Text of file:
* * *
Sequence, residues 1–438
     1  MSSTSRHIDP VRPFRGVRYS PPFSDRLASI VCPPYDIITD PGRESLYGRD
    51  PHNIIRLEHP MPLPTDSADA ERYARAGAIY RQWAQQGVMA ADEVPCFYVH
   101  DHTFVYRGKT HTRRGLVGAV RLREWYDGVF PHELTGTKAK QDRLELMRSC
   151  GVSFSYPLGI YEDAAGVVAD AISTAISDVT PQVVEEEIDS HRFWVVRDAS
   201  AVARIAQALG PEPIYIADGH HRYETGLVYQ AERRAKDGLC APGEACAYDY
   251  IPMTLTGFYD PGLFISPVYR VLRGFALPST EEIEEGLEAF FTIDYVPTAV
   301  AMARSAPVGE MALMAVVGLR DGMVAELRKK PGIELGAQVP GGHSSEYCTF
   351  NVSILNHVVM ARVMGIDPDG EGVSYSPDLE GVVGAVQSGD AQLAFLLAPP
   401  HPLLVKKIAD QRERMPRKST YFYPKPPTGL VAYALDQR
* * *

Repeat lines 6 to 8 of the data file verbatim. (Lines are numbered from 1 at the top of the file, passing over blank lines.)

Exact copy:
   201  AVARIAQALG PEPIYIADGH HRYETGLVYQ AERRAKDGLC APGEACAYDY
   251  IPMTLTGFYD PGLFISPVYR VLRGFALPST EEIEEGLEAF FTIDYVPTAV
   301  AMARSAPVGE MALMAVVGLR DGMVAELRKK PGIELGAQVP GGHSSEYCTF